Boosting Tiny Greens with Compost and Light Colors

Jim Crocker
3rd March, 2024

Boosting Tiny Greens with Compost and Light Colors

Image Source: Natural Science News, 2024

Key Findings

  • In a University of Almeria study, a 50:50 compost and peat mix with LED 2 light increased microgreen growth
  • Compost mix affected nitrate levels more, while LED light boosted health-promoting anthocyanins
  • The findings suggest sustainable indoor farming with enhanced nutritional value of microgreens
Microgreens, the young seedlings of vegetables and herbs, have become a popular choice for health-conscious consumers due to their high nutrient content and intense flavors. Researchers at the University of Almeria have conducted a study[1] to explore how different growing conditions affect the growth and nutritional value of two microgreen species, mizuna and pak choi. This investigation is particularly relevant as the global demand for sustainable and space-efficient farming practices rises. The study focused on using agro-industrial compost mixed with peat as a growing medium, comparing it against the traditional 100% peat medium. Additionally, it analyzed the effects of two different LED lighting spectra on the plants' development. The findings of this research could have implications for indoor farming, where optimizing growth conditions for better yield and nutritional quality is a constant challenge. The experiment was designed to measure the fresh and dry biomass yield, which indicates how much plant material was produced, as well as the levels of glucosinolates and phenolic compounds, which are important for their health-promoting properties. Nitrate content was also analyzed, as excessive amounts can be detrimental to human health. Results showed that a 50:50 mix of compost and peat, when combined with a specific LED lighting setup (LED 2), which included blue, red, and far-red light, led to the highest biomass production in both mizuna and pak choi. This suggests that the combination of these two factors can significantly influence the growth of microgreens. Interestingly, while the type of compost had a more pronounced effect on the nitrate content in the microgreens, the LED light played a crucial role in the production of anthocyanins, particularly in mizuna. Anthocyanins are pigments responsible for the red, purple, and blue colors in many fruits and vegetables, and they are known for their antioxidant properties. The study's observations regarding light and growth are supported by earlier research[2], which found that different light spectra can influence the growth and nutritional quality of brassica microgreens. Similarly, another study[3] highlighted the importance of the food matrix and digestion characteristics in the bioaccessibility of (poly)phenols in cruciferous sprouts, underscoring the complex interactions between diet and nutrient assimilation. Moreover, the findings align with a review[4] that analyzed the effects of indoor LED lighting on the content of specialized metabolites in crops. This review emphasized the potential of specific light recipes to enhance the nutritional value of indoor-grown produce. In conclusion, the University of Almeria's study demonstrates the potential of using a mix of agro-industrial compost and peat, along with tailored LED lighting, to cultivate nutritionally and phytochemically rich microgreens. This approach not only contributes to more sustainable growing practices by utilizing waste products as compost but also offers a method to enhance the health benefits of these miniature plants. As indoor farming technologies evolve, such research provides valuable insights for producing high-quality, nutrient-dense foods in controlled environments.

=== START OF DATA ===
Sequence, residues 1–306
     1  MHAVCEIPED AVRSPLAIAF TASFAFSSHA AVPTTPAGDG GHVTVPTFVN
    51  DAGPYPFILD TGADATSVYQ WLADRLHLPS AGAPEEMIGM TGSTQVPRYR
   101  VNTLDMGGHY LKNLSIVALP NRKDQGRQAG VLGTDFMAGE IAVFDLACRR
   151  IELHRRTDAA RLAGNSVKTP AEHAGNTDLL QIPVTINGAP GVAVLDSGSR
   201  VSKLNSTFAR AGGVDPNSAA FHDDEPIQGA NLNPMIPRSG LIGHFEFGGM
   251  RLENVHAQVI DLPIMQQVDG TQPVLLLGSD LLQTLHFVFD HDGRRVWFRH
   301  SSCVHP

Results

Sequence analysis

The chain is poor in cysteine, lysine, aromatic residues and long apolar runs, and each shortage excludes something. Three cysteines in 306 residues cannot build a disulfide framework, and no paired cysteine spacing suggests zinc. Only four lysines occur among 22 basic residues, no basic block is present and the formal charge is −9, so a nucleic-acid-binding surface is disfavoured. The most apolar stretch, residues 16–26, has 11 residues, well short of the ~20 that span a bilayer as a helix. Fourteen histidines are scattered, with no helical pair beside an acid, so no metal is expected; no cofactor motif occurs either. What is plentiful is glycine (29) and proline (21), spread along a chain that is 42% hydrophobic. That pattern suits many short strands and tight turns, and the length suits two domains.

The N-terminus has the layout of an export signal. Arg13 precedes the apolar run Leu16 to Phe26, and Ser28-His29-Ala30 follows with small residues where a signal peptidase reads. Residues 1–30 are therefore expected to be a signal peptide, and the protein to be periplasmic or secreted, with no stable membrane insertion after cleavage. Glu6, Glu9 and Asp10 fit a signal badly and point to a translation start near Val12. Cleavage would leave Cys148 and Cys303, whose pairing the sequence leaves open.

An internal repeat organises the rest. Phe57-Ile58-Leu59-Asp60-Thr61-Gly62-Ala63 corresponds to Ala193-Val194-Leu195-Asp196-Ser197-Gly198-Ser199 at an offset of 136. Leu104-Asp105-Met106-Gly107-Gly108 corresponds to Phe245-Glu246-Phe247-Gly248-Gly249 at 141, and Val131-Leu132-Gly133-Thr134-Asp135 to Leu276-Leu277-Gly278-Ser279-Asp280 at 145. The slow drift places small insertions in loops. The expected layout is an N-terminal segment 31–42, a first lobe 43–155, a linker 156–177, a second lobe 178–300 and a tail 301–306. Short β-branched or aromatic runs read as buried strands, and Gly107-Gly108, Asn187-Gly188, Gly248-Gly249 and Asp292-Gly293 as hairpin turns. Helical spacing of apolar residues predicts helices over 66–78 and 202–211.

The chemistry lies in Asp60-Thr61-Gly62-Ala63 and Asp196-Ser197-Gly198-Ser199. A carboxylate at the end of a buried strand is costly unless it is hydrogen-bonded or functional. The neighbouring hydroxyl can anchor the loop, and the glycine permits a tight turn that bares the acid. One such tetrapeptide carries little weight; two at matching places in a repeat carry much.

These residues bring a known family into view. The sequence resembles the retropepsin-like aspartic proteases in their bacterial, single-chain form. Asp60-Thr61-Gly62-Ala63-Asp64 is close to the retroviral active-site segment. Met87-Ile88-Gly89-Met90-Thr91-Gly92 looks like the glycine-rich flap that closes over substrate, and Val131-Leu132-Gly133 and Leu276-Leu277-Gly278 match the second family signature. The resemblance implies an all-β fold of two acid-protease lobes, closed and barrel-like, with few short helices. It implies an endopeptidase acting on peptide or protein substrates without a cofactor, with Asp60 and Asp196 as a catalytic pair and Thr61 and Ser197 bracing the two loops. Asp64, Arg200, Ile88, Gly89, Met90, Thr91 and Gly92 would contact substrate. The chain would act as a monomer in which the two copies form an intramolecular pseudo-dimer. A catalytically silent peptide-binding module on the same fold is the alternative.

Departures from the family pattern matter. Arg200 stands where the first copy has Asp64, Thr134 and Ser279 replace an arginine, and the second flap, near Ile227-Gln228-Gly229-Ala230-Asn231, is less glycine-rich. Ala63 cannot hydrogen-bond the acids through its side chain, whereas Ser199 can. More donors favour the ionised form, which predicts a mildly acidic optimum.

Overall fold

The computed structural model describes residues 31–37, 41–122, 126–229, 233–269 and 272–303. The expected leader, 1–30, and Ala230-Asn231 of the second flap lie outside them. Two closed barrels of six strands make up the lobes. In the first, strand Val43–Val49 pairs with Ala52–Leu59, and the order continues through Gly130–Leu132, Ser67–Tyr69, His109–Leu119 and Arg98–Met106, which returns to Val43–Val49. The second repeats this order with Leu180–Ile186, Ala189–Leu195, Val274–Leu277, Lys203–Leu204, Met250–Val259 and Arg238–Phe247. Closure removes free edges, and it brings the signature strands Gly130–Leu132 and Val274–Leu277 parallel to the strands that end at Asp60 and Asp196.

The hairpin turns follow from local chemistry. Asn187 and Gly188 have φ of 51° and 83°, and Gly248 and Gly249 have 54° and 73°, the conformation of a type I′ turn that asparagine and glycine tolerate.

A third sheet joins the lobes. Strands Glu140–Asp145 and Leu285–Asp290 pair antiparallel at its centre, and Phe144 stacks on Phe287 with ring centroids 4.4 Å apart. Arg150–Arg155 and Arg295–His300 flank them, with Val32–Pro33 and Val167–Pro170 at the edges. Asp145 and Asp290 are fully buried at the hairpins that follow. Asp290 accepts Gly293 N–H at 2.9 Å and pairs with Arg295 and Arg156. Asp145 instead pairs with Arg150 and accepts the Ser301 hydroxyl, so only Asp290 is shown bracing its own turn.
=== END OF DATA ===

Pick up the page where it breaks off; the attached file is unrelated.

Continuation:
NutritionPlant ScienceAgriculture


Main Study

1) Combined effect of an agro-industrial compost and light spectra composition on yield and phytochemical profile in mizuna and pak choi microgreens.

Published 29th February, 2024

Related Studies

2) Effect of LED lights on the growth, nutritional quality and glucosinolate content of broccoli, cabbage and radish microgreens.

3) In Vitro Evidence on Bioaccessibility of Flavonols and Cinnamoyl Derivatives of Cruciferous Sprouts.

4) Beyond vegetables: effects of indoor LED light on specialized metabolite biosynthesis in medicinal and aromatic plants, edible flowers, and microgreens.

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